By M.D. Kittle
MADISON — In December, Attorney General Josh Kaul signed off on the Wisconsin Department of Justices’ Equity and Inclusion Plan. The state’s liberal top cop just doesn’t seem to be living up to the same standards he’s set.
Two Republican candidates looking to replace him say the discrimination and hostile workplace allegations recently lodged against Kaul and his office underscore a lack of leadership at the DOJ.
“I think we’ve got to ask questions like, what kind of HR training is there in the Department of Justice? Are they engaged even in such simple things as how not to engage in harassment or discriminatory behavior?” said Ryan Owens, an attorney, University of Wisconsin professor, and former director of the Tommy G. Thompson Center on Public Leadership. In April, Owens, who describes himself as a constitutional conservative, declared his candidacy for attorney general.
“I think if we look at what’s happening here, there are some very serious allegations that high-level individuals have been engaged in a systematic effort to silence some people, to bully some people,” Owens said.
As the Milwaukee Journal Sentinel recently reported, Tina Virgil, in charge of the DOJ’s Division of Law Enforcement Services, filed a federal race and sex discrimination complaint in April. Virgil, who is a black woman, accuses Kaul and the agency of unfairly compensating her and mistreating her because of her race and gender.
The newspaper reports that Virgil accuses Deputy Attorney General Eric Wilson of often exploding in anger “when Virgil or other women disagreed with him.” She also claimed her calls were secretly recorded by Brian O’Keefe, chief of the DOJ’s Division of Criminal Investigation. (The latter sounds like an Evers administration tactic).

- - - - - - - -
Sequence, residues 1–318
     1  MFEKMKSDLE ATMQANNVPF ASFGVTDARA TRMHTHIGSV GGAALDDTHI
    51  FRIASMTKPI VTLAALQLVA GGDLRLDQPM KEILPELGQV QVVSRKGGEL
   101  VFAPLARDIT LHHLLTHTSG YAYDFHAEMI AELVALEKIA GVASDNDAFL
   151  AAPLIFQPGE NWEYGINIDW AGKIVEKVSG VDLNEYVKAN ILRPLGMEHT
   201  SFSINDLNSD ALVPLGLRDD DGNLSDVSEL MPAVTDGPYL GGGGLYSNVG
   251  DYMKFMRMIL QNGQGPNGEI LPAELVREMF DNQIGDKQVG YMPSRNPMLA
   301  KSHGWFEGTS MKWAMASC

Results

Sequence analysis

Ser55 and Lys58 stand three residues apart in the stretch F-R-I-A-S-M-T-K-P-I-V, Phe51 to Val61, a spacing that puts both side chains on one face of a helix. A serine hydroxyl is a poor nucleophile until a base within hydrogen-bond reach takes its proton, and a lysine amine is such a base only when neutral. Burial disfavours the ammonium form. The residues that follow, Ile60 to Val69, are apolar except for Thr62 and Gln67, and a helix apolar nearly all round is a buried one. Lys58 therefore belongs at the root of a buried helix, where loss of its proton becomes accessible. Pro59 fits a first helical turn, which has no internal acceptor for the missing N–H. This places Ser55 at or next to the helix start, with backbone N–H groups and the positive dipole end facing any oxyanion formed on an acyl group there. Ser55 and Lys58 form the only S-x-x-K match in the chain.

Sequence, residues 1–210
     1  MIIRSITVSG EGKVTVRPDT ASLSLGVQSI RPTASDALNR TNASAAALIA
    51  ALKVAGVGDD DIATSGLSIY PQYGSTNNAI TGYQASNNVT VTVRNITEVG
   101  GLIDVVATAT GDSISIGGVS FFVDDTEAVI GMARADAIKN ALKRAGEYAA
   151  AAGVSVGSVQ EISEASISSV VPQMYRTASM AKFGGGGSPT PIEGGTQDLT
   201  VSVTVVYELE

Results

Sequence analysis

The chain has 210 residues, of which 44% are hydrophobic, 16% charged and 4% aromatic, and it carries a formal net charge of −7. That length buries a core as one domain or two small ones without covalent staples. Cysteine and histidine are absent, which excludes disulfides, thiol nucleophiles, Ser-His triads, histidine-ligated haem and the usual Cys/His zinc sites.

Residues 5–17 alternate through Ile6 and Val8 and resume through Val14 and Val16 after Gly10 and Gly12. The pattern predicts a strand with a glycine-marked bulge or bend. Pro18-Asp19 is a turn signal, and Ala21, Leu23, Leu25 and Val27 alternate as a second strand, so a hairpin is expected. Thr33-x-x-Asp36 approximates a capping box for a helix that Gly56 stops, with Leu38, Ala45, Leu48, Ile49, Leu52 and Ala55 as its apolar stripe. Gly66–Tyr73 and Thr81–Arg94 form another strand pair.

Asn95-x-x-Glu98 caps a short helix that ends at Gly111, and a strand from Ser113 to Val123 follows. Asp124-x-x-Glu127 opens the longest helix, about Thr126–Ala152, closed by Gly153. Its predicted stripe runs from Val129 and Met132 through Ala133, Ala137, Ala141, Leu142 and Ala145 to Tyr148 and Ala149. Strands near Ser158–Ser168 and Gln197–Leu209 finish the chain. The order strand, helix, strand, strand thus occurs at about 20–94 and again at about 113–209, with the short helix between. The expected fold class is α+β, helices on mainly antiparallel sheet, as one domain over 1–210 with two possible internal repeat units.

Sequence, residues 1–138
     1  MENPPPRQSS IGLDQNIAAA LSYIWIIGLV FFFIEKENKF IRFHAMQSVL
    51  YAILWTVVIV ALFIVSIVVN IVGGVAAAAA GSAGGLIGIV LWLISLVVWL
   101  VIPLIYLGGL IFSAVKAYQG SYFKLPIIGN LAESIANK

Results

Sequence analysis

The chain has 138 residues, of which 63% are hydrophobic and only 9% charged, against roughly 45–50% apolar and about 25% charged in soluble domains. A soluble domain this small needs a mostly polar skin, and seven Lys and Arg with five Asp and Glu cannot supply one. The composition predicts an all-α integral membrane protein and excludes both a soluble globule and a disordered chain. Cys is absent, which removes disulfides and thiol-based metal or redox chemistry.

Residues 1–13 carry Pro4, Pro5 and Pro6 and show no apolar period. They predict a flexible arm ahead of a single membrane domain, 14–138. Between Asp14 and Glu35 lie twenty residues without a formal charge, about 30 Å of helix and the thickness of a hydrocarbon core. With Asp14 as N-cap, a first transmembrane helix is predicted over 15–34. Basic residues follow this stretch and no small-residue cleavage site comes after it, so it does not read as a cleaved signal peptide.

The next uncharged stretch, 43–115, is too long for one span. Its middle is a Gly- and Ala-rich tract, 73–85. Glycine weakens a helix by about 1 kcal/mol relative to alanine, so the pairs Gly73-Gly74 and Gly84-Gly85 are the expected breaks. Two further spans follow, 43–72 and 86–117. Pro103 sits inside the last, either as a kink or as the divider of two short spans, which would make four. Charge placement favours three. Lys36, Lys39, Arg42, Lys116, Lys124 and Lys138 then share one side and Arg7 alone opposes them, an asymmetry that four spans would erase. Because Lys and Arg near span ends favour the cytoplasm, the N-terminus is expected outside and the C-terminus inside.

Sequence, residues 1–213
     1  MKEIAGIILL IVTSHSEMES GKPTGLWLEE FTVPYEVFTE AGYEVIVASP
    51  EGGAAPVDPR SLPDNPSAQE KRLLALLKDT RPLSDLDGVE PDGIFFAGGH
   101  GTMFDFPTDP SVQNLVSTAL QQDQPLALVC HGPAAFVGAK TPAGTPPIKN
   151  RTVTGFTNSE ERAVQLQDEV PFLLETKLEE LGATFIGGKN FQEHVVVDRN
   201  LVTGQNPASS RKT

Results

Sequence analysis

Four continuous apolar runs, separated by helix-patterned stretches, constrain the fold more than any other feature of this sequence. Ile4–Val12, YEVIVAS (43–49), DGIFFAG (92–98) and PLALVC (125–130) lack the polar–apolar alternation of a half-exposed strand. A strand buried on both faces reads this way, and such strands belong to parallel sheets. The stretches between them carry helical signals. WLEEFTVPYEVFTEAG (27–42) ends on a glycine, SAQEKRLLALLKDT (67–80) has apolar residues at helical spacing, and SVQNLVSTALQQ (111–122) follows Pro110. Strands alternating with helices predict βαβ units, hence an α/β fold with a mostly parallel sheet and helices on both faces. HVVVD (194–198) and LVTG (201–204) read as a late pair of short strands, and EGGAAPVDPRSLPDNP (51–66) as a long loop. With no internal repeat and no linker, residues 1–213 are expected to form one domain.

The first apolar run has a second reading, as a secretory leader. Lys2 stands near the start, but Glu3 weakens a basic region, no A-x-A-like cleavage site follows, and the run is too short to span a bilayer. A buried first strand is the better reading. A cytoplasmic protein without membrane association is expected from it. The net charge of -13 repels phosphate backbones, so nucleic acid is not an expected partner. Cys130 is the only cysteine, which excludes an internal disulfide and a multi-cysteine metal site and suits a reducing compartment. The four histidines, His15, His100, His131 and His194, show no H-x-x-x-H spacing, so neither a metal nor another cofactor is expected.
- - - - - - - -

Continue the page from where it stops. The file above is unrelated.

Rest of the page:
Virgil is seeking lost wages, compensatory and punitive damages, and legal fees, according to the newspaper. A DOJ spokeswoman said Virgil is the sixth-highest paid employee at the agency, and that her salary is appropriate.
Kaul’s office has yet to release an investigative report on harassment complaints at DOJ, a report that was completed more than a year ago. The delay — or downright failure to release the report — is a troubling sign from the office that enforces Wisconsin’s open records law.
Virgil’s attorney, Lester Pines, did not return Empower Wisconsin’s request for comment.
Fond du Lac County District Attorney Eric Toney, a Republican who also announced in April he’s running for attorney general, said Kaul is Wisconsin’s top cop, “and the buck stops with him.”
“He needs to be transparent, and ensure the harassment and discrimination abuses never happen again,” Toney said. “This is a troubling example of Kaul’s inexperience and failed leadership.”
It also appears to be an example of the hyper-partisan attorney general’s hypocrisy.
As MacIver News Service reported, in December Kaul approved the Wisconsin Department of Justice’s “Equity and Inclusion Plan” for January 2021 to June 2023. It focused heavily on diversifying DOJ’s staff through targeted recruiting and retention programs. One approved strategy increases promotion rates for minorities in the department.
DOJ distributed the plan to employees in January. It’s expected to hold a town hall for supervisors in June on how to implement it.
In November, Kaul signed onto a letter urging President Trump to not end government implicit bias training.
“Implicit bias trainings strengthen workplaces by helping them become more diverse, equitable, and inclusive. The federal government should be promoting implicit bias trainings, not interfering with them,” Kaul stated at the time.